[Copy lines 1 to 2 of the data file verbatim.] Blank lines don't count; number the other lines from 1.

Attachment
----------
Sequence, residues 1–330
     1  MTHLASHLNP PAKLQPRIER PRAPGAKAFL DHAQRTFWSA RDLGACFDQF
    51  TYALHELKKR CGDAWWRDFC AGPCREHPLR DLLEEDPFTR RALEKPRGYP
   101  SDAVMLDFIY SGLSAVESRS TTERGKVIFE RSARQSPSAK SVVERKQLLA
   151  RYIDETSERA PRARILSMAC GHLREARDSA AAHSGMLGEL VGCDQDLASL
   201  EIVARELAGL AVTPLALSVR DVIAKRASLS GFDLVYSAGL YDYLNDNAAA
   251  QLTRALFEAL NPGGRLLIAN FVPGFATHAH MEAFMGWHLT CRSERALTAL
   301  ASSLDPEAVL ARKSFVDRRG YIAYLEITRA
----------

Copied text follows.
Sequence, residues 1–330
     1  MTHLASHLNP PAKLQPRIER PRAPGAKAFL DHAQRTFWSA RDLGACFDQF